This time, it took four phone calls and about forty minutes to get a police officer there. I imagine my calls kept getting canceled because dispatch had already sent someone for the previous hit-and-run, not realizing that, just because the odds against it were astronomical, it was still possible for one’s entirely static vehicle to be hit twice in the same parking lot in the same half-hour. The same nice officer eventually returned to assess the situation. Fortunately, she already had my information, and that really sped up the whole rest of the procedure. After assessing both our accounts, and giving the driver of the aptly-named Dodge Ram (both for the ramming and the dodging) some sort of formal admonishment, she gave me her business card and cheerfully admitted she hoped not to see me again.
I pray that the items purchased at Office Depot today are in no way defective or substandard, because clearly, I can never go back there. Even if I were to wait a few weeks or months, so as to let the terrible dance of retail turnover eradicate from that business all those might vaguely recognize me, I don’t dare subject my pathologically reliable, fuel-efficient, cute, and otherwise superfine little car to further indignities in the malevolent parking lot. From now on, I plan to frequent Office Max, Staples, Walmart, Target, Amazon, Officesupply.com, Barnes and Noble, a visually-impaired streetcorner doomsayer with a pencil cup, or various independently-owned stationery supply stores for my office supply needs.
Tuesday, February 17th 2009
Spohn 2009a, 2009b, and 2009c
posted @ 2:55 pm in [ ]
I’ve recently changed my career strategy. Previously, I was applying for any position I thought I could live with and that I could make a case for being qualified to do. I have not been having much luck with that. Plus, it’s depressing, draining, and time-consuming, so the heck with it.
I think most of the issue is the economy. The applicant pool is huge, and while I’m a good wild card, there are currently a lot of perfect fits out there to choose from. Academia doesn’t seem to be in as much trouble as many sectors, though, and online education is doing pretty well.
For writing classes, I like to be able to see folks. You can tell if someone is struggling. For other kinds of classes, though, teaching online has its charms. Perhaps the most entertaining part is that I get so much respect when the students can’t see me. I mean, I get my fair share in the classroom, but I think online students are picturing a matronly professor type with the kind of glasses Raymond Chandler called “cheaters,” and not someone who has a modeling contract on the side and a tattoo of a Roessler Attractor. That’s always entertaining.
Anyway, the new strategy is this. I decided to help myself to an academic career, whether or not anyone cared to offer me a tenure-track gig: take as much adjunct work as I need to to pay the bills and stay university-affiliated; publish, publish, publish; go to lots of conferences; apply for research grants; and only apply for academic fantastic fits and dream jobs.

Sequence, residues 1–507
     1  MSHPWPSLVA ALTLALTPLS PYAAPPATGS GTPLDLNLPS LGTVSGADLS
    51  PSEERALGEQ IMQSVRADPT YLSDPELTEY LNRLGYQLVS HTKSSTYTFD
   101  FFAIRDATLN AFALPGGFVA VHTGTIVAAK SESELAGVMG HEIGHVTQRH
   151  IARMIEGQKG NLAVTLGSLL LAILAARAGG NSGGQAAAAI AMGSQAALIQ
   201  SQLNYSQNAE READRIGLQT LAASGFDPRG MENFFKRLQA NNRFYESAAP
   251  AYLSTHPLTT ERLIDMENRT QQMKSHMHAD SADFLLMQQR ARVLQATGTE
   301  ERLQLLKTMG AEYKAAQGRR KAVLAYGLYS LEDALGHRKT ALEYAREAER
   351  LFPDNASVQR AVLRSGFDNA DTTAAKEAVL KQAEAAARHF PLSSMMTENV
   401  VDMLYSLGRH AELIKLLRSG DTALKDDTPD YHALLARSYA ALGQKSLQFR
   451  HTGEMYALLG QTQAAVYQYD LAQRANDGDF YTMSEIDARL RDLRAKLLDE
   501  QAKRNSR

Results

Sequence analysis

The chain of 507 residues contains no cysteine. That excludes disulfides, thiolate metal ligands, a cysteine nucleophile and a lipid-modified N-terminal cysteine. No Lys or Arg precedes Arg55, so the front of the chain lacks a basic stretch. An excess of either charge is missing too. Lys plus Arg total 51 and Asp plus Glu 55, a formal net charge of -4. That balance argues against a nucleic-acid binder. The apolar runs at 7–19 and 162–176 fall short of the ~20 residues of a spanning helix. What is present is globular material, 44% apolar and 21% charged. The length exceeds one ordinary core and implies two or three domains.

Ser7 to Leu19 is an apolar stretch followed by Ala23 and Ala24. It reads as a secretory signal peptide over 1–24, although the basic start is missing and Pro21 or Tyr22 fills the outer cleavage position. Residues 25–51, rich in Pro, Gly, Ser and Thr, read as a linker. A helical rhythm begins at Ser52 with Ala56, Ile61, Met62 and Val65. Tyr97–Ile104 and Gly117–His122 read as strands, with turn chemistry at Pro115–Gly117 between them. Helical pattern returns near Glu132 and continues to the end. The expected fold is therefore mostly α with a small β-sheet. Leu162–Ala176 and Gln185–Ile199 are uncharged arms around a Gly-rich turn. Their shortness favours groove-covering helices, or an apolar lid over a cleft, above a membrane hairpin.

In my quest to become the Stephen King of IR theory/NDS articles, I have a few (completely) different papers in the works for this year. The first is for The Integral Review, about misperceptions about globalization, culture, and cultural saturation points. The latter part will contain some chaos theory and NDS analysis.
The second is for a May conference. I’ll be presenting a paper, and then sitting on a panel discussing my violentization theory work. The paper is about dominance engagements in the 2006 Israel-Lebanon war, strategy vs. tactics with an eye toward improving 21st-century security theory, and what I call “The Tom and Jerry Factor.”
The third is for the annual chaos conference, from which I have been away for far too long. I’ve mentioned my previous project about World War I alliance building based on planetary accretion theory, but I think I’m going to make some changes to that. I think maybe photons glom in a more similar, increasing-returns kind of way than planets did, and I think that kind of model will have more universal application (so to speak). I’m mulling that over, because it’s later on in the summer.
I have another idea in the works, perhaps more of an essay or a guest lecture, for which I haven’t found a place yet (or really looked — I think those three are going to keep me out of trouble for the next few months):
Weak quantitative methods in the social sciences go back at least as far as Socrates. The tortured geometric logic he uses in Plato’s Republic to describe the degrees of separation between the life of the tyrant and the life of the good man wouldn’t make much progress over the next few thousand years. In the twentieth century, linear statistics ruled the world, which enjoyed a fifty-plus-year historical fluke of two-poled alliances and two-player game theory. Now, in the twenty-first century, new international relations scholars are separated from those who remembered the natural state of the messy, multipolar international system by a few generations whose theory and methods focused largely on dyads. Cold War methods no longer have much application, linear statistics can’t accurately describe a complex, multipolar system, but we still crave the answers only quantitative analysis can give us. These factors suggest why it is taking so long to develop robust new grand theory and methods in international relations. One response is to use different quantitative methods–ones that can handle the true messy reality of the international system. This study considers a few such methods and their applications, with an eye toward their implications for large-scale theory construction.
So those are the things I’m working on this year. I think it’s a pretty good distribution. I’m also thinking more about IPE (International Political Economy) topics these days. I feel like I have too many ideas to wait around — I want to get down to business now, and let my dream job come to me on its own time.